Further, any increase in the quantity of money in circulation necessarily decreases its values and causes prices to rise. In India this has been the case to a certain extent. The Hon'ble Mr. Gokhale in his Budget speech of 1908 observed that “the phenomenally heavy coinage of new rupees during the last few years by the Government has something to do with this general rise in prices.” The Hon'ble Member computed that during the “last 10 years,
the Government made a net addition to the stock
of over And although, in fact, as stated by Sir Edward Baker, the net addition to the currency during this period was
some 82 crores of rupees, still it cannot be denied that redundancy of the rupee (in spite of the increase in trade) has diminished its value and enhanced prices. As the Rt. Hon'ble Henry Fawcetobserved in the Parliamentary Budget Debate of 1873 "of the 172,500,500 of specie which has been poured into India during the last 11 years, a considerable proportion has of course been added to her circulation. This has naturally produced a rise in prices and a similar effect has followed the increase of the paper currency on its being made a legal tender From the peculiar nature of the Indian trade it seems almost certain that this importation of specie will continue. This rise in prices will be assisted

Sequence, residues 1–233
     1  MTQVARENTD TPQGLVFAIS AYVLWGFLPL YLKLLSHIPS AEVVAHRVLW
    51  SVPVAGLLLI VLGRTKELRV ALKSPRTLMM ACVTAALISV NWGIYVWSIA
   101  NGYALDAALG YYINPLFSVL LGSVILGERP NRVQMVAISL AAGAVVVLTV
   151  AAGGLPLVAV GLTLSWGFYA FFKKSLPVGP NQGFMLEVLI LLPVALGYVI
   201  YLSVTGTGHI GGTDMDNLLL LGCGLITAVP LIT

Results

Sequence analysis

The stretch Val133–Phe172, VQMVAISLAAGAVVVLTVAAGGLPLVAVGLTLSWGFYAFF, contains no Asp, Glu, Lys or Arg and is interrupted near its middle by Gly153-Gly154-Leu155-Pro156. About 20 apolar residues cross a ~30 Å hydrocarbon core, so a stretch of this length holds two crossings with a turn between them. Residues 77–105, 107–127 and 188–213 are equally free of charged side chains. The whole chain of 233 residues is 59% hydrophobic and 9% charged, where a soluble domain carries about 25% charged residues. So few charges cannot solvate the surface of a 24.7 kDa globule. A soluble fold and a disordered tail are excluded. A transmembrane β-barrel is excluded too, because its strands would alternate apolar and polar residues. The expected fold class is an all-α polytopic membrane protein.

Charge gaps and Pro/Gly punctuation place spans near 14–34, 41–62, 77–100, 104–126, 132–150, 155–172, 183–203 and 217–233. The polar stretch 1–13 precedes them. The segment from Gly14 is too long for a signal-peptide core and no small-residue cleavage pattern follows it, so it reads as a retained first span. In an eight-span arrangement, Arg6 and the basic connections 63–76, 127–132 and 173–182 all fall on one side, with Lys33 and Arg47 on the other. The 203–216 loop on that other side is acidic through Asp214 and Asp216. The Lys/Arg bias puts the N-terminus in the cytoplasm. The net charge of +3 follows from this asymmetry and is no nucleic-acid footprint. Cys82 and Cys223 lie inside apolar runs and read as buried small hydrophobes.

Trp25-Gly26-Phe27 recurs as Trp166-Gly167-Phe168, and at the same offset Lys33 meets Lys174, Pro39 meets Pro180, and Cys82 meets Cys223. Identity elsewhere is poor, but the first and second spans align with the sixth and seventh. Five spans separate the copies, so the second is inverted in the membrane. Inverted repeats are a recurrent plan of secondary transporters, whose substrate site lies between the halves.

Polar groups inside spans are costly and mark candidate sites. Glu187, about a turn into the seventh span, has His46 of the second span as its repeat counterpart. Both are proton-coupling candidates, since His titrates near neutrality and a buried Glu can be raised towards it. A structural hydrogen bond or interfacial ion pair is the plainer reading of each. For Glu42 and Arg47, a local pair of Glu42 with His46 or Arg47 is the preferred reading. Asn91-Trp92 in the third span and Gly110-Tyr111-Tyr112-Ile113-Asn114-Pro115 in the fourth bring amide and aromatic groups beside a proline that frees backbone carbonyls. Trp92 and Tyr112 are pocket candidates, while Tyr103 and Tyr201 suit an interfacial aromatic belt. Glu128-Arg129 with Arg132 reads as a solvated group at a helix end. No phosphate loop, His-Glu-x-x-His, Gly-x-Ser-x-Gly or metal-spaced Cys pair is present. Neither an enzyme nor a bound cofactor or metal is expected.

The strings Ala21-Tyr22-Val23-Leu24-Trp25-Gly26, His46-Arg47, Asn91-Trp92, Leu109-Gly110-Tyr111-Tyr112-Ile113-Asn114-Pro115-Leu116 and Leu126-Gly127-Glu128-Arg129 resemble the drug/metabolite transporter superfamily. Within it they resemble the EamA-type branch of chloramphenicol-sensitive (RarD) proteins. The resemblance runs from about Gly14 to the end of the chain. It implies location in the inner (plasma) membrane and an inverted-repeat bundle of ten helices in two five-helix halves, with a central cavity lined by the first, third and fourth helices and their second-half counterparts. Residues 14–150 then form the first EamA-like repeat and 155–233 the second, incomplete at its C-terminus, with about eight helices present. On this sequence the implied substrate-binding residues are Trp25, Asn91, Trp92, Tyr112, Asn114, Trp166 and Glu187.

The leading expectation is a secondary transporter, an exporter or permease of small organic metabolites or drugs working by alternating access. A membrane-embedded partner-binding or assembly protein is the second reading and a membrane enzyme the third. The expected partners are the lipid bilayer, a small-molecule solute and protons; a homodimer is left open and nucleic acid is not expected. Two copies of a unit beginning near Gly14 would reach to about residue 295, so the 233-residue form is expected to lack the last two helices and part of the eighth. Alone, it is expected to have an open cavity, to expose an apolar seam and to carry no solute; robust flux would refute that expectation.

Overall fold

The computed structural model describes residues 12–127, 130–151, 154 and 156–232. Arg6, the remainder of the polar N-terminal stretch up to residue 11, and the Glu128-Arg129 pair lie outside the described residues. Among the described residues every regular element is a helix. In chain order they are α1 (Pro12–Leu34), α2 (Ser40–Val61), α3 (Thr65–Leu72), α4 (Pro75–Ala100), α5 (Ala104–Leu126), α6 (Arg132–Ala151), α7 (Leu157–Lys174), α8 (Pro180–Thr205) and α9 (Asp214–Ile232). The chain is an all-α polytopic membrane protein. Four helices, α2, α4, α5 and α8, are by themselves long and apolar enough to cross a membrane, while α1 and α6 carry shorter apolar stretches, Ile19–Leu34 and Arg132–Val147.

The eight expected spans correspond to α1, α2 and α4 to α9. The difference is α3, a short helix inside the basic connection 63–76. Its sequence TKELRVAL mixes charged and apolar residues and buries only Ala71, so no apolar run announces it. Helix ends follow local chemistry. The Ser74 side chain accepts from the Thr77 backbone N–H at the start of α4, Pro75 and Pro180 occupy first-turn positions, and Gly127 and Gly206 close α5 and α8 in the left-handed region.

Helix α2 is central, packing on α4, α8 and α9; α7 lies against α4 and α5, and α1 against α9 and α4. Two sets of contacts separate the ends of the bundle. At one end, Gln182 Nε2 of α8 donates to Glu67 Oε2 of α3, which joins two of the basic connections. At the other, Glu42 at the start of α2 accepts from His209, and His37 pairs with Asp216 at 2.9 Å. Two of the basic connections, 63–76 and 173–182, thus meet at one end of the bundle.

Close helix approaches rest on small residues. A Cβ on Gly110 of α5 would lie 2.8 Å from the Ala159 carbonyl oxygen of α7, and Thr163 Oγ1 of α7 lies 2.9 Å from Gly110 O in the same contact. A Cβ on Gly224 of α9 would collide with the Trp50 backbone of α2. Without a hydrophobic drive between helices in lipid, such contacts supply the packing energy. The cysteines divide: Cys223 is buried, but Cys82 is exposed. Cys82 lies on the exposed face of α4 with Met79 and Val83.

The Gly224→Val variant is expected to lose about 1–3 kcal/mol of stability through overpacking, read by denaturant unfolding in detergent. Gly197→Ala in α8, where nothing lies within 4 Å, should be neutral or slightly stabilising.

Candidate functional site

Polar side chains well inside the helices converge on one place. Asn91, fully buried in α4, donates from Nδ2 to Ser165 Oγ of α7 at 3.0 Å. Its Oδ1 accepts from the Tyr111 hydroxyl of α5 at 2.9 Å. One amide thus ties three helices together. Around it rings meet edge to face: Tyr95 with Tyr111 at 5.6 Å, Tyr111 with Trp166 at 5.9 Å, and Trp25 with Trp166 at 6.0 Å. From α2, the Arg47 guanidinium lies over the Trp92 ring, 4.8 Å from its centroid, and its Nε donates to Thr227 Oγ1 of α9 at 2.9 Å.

. by the general rise in prices that is taking place throughout the world, which is due to a depreciation in the value of the precious metals, a fact now admitted by almost every financier and economist of eminence."
What Fawcet said some 35 years ago has now come to pass and the proposal of a congress or an international conference has been opportunely made. But the question, how far the Government of India will be able to participate in it, is one with which the present writer has no concern.
JOGINDRA Nath SAMADDAR. HAZARIBAGH,